In the early years of the 21st century, Bangladesh was one country in South East Asia lagging behind the rest. Its citizens relied on out-of-date satellite systems while neighbouring countries were already benefiting from high-speed fibre-optic cables connections. This disadvantage was slowing down Bangladesh’s development. To address the issue the Bangladeshi government, supported by the Islamic Development Bank developed a submarine fibre-optic cable, to provide fast reliable and secure access to the internet and to improve mobile phone connections.
Huge increase in internet users
The IsDB provided US$60 million for the project with the government of Bangladesh contributing the remaining US$8.02 million. This covered the cost of the 1,065km cable which was installed by the international submarine cable consortium South East Asia (SEA), Middle East (ME), Western Europe (WE) along with technical partners Alcatel- Lucent of France and Fujitsu of Japan. The cable already served 13 other countries starting from France via Saudi Arabia, to Singapore and now connects Bangladesh at Cox’s Bazar, in the south east of the country.
The new cable has had substantial impacts for Bangladeshi people and businesses. In 2004 there were just 23,000 internet users, but since the completion of the project, the number of users has soared, reaching 54 million by December 2015. The number of mobile phone users has crept up rapidly as well from 3 million users in 2004 to 133 million by December 2015. People are using the improved connectivity for a diverse range of functions such as better overseas communication, online transactions, business and trade and simply for the transfer of knowledge.
Improving education opportunities
Students in Bangladesh are benefiting profoundly from the increased connectivity brought by the new cable. The high-speed connectivity on campus enables students to access lecture notes, video lectures, emails and social networks as well as allowing them to get into contact with people in their field all over the world. As well as helping students, the improved internet connection makes life easier for staff and allows for more enhanced teaching.
Visitors to the country can also now enjoy the improved connectivity. Mr Salman Kabir, Assistant director of Marketing and Public Relations at Dhaka’s Pan Pacific Sonargaon Hotel emphasised the increasing necessity for faster connectivity in the area. The majority of travellers visiting Dhaka are for business purposes so it was imperative that their needs were catered to. Broadband became available in 2008, and in 2011, the hotel installed a ‘360-degree’ Wi-Fi system. This meant that its clients were now fully and reliably serviced with internet connectivity throughout the building – just in time for the Cricket World Cup, which Bangladesh co-hosted.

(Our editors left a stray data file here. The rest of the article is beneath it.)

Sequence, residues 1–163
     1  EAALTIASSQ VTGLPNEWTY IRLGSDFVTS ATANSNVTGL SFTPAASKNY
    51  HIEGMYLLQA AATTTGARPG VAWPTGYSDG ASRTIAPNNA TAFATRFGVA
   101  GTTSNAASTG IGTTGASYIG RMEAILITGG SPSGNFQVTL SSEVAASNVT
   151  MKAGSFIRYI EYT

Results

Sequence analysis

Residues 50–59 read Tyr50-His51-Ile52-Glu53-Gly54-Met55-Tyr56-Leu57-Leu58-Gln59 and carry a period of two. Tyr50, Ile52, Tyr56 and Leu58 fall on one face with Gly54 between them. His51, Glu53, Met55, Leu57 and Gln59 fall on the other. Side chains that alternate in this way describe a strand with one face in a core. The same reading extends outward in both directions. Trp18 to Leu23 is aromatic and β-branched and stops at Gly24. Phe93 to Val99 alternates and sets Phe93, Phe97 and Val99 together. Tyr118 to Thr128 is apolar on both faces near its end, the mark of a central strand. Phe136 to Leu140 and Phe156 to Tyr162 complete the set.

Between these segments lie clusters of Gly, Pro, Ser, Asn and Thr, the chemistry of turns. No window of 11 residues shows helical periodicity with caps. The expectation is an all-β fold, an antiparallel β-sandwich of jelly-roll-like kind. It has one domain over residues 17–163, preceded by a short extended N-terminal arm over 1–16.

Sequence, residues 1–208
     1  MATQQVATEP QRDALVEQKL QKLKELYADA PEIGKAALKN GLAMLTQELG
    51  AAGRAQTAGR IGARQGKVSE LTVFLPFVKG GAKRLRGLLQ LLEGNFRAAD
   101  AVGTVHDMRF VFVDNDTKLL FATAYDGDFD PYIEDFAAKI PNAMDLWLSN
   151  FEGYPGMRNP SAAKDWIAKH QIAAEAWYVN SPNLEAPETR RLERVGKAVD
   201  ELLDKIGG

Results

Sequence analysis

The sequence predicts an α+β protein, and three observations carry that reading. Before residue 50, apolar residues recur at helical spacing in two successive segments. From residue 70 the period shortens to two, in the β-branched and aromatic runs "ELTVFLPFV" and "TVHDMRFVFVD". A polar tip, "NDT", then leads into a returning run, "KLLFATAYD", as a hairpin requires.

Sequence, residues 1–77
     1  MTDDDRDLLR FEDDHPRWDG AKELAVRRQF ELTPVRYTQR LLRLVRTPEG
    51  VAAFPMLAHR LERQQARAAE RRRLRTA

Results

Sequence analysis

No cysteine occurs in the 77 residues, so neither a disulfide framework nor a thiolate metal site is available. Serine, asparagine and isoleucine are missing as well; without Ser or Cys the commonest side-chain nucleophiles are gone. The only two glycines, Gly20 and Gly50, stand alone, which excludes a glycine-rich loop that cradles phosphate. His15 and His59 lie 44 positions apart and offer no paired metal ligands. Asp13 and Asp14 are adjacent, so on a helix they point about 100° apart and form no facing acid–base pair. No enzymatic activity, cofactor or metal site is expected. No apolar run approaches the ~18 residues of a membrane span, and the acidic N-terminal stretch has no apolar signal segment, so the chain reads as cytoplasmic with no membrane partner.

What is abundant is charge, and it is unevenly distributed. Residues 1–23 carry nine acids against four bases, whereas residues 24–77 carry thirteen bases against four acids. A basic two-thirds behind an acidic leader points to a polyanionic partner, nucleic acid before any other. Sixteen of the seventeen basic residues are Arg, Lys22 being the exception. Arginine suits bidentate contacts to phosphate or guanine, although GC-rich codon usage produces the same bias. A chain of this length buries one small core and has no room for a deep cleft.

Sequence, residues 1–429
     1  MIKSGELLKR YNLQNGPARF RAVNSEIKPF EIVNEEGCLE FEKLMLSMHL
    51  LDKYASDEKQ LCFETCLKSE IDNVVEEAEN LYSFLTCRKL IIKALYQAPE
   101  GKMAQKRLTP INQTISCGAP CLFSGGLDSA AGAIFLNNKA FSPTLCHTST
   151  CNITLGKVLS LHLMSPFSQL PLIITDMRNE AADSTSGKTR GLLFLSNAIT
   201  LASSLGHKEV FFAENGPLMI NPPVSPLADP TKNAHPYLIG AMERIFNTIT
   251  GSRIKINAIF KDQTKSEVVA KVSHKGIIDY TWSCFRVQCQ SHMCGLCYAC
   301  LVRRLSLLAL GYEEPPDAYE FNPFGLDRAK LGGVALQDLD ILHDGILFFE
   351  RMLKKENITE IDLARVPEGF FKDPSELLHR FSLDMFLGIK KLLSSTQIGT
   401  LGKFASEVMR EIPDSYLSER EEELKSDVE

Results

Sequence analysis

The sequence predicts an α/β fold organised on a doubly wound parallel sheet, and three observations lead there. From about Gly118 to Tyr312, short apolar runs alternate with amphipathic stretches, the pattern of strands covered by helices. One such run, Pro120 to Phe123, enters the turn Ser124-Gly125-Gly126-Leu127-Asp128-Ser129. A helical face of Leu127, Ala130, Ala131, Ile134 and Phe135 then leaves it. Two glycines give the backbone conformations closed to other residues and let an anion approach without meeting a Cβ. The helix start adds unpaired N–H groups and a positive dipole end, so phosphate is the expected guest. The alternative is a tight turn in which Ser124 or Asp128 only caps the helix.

Away from the bustle of Bangladesh’s business sector, people young and old are enjoying the faster internet connections when logging on at home. This helps families stay connected with relatives all over the world, helps young people with schoolwork, playing games and enables them to access social media.
Making the whole country digital
Improving mobile and internet coverage will, in time, help develop many poorer rural parts of the country as well. This will be a step towards the government’s long - term goal in making the whole of Bangladesh’s aim to make the whole country ‘digital’ by 2021. At present rural areas are restricted to 2G and 3G technology and the remotest rural areas still rely on microwave and satellite connections but there are plans to establish at least one ‘data centre’ per group of villages. The rural connectivity is already proving beneficial to the local Bangladeshis one example being ‘telemedicine’. Doctors in remote villages hold online conferences with counterparts in Dhaka who help them with diagnoses. This service is set to become even more widespread.
The submarine fibre-optic cable will form the basis of Bangladesh’s internet and mobile provision for years to come, but it has a lifespan of 25 years, and so a replacement plan must be in place long before this. The country has already signed a contract with the SEA-ME-WE Consortium to build a second submarine cable link. This will future-proof the technology to ensure that it can cope with increasing internet traffic.